Looking At “The Theory of Everything,” Post-2020 Nobel Prize

Yoon takes a deep dive into the Theory of Everything! (Lee)

Welp, it’s happened. Roger Penrose has finally, FINALLY,  gotten his Nobel Prize in Physics for proving the existence of black holes, along with Reinhard Genzel and Andrea Ghez (who, by the way, is only the fourth woman in history to be awarded a Nobel Prize in Physics). Those reading this may be wondering, how is this news? After all, the first image of a black hole was taken two years ago, and black holes have been considered reality (for better or worse) for decades, popularized by a certain Professor Stephen Hawking. For those wondering, Nobel Prizes tend to take several years to award, especially with such largely theory-driven concepts like black holes. In fact, Roger Penrose was one of Professor Stephen Hawking’s closest colleagues, collaborating with him to obtain a conclusion on the cosmological Big Bang.

Among said Professor’s most popular appearances on the big screen was Eddie Redmayne’s portrayal of him in “The Theory of Everything,” a role for which Redmayne (deservingly) earned an Oscar.

“The Theory of Everything” is a biographical film about Stephen Hawking, a bright student at the University of Cambridge who has finally decided to pursue a thesis regarding the possibility that black holes may have caused the advent of the universe. It is also about this time that he begins a relationship with a woman named Jane Wilde. However, to his horror, Hawking is diagnosed with a rare motor neuron disease, ALS, which will eventually leave him unable to move, swallow, or even breathe. He is given just two years to live. “The Theory of Everything” follows Hawking and Wilde as he defies expectations by living and creating more and more groundbreaking concepts and theories. Beyond his deteriorating physical condition, the couple must deal with Wilde having to do more and more in the household, including tending to both Hawking and their children, and how over the years their beliefs clash and relationship decays.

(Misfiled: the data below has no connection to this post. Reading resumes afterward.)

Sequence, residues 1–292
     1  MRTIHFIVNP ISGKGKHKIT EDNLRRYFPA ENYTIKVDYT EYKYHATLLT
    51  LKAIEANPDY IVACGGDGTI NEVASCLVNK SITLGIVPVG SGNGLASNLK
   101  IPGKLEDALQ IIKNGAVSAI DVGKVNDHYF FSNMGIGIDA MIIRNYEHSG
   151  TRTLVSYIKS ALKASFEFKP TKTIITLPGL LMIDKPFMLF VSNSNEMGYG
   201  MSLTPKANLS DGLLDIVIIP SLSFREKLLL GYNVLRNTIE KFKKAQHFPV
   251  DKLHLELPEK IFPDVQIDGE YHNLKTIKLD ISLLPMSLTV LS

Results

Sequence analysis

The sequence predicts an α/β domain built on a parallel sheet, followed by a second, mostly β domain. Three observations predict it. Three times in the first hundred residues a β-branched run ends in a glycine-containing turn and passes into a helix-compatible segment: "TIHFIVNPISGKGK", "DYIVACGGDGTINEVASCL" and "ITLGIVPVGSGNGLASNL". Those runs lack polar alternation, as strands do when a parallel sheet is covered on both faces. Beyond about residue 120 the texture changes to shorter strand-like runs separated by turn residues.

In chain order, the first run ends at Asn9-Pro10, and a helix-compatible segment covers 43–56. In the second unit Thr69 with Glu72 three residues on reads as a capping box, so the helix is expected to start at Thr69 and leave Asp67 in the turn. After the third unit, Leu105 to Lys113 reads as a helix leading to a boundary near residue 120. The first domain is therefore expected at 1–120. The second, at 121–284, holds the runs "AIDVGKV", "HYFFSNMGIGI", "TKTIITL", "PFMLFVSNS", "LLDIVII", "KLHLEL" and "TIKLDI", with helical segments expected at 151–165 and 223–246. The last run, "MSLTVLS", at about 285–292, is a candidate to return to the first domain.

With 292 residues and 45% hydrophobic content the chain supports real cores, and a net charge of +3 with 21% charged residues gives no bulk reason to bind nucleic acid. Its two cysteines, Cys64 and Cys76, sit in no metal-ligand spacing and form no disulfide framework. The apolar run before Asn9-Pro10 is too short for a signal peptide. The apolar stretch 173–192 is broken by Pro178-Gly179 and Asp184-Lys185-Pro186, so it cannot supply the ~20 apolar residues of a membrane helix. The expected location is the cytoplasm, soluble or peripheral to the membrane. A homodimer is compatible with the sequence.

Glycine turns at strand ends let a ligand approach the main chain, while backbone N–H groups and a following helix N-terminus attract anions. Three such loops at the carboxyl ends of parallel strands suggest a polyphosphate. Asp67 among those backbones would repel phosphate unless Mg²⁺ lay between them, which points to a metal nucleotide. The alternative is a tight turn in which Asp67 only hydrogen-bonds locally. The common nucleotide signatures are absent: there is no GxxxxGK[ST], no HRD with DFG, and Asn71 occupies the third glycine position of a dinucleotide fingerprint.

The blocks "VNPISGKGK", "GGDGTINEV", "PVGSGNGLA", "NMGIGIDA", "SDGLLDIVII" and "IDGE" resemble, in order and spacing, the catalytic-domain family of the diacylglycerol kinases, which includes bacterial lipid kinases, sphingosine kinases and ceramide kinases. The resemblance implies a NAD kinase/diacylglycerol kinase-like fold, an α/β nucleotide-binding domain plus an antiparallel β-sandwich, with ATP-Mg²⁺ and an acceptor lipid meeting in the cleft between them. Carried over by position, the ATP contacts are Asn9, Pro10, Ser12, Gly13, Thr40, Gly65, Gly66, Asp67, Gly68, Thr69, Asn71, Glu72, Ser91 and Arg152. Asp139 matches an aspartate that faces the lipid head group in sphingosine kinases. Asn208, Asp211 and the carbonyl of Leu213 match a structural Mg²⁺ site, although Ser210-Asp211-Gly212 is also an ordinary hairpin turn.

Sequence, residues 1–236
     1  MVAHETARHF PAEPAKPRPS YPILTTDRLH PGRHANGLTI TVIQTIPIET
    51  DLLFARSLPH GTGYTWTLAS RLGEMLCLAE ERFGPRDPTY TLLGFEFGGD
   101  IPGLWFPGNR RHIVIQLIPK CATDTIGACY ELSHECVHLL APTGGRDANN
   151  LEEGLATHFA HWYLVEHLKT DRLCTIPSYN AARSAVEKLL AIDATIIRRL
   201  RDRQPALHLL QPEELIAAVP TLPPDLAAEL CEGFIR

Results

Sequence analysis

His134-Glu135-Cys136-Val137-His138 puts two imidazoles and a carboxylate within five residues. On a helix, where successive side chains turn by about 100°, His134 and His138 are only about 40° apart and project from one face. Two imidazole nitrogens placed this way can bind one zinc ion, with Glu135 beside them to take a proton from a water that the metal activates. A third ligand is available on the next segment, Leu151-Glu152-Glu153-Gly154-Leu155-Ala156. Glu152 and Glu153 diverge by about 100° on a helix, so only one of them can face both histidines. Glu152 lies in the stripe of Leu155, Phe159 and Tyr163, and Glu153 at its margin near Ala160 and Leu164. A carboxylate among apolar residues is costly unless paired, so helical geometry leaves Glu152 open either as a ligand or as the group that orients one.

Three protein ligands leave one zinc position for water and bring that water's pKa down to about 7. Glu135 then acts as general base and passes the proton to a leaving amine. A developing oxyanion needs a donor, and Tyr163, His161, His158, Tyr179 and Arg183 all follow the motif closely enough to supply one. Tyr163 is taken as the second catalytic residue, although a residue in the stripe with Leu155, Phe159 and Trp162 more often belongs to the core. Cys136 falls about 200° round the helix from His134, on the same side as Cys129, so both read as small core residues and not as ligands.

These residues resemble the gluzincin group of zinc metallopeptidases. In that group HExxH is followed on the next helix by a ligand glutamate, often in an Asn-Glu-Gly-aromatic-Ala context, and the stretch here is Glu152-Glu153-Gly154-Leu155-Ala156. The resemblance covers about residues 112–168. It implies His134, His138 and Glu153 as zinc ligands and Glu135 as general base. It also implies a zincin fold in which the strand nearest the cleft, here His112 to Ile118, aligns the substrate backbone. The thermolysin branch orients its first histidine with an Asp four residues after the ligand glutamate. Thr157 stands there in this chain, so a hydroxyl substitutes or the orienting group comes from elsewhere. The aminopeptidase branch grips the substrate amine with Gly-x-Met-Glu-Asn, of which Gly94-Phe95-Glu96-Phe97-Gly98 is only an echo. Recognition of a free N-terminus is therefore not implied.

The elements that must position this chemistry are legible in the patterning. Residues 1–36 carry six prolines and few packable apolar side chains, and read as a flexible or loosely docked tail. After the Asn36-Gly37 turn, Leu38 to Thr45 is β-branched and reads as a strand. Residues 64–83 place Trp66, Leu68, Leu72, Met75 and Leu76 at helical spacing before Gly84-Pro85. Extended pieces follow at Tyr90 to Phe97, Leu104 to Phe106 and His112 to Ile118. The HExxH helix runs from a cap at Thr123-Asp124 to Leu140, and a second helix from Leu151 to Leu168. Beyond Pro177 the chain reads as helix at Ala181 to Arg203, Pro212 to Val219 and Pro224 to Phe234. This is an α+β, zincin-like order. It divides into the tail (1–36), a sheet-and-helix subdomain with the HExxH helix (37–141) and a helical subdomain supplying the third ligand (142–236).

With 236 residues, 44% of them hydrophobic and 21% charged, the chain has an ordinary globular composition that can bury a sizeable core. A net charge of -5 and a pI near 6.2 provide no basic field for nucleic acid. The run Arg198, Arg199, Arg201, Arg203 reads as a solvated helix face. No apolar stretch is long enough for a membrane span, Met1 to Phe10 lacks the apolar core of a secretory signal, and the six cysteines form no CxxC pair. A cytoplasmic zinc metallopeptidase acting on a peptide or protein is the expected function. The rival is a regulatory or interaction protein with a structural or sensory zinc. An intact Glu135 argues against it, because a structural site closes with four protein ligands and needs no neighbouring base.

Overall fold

The main thing going for this movie is Eddie Redmayne. He kills it. Throughout the movie the horrors of motor neuron disease are prevalent, and Redmayne shows Hawking’s strength against it while showing his vulnerability. He sells the terror of this disease, of a mind being trapped in a body that can no longer move. One of the final scenes, with a fake-out with Hawking standing up and handing a pen to an audience member, is haunting. Throughout the movie, Hawking continues to deteriorate, and we get used to him being wheelchair-bound and muscle-locked. Seeing him stand up is heartbreaking, but beautiful and poignant.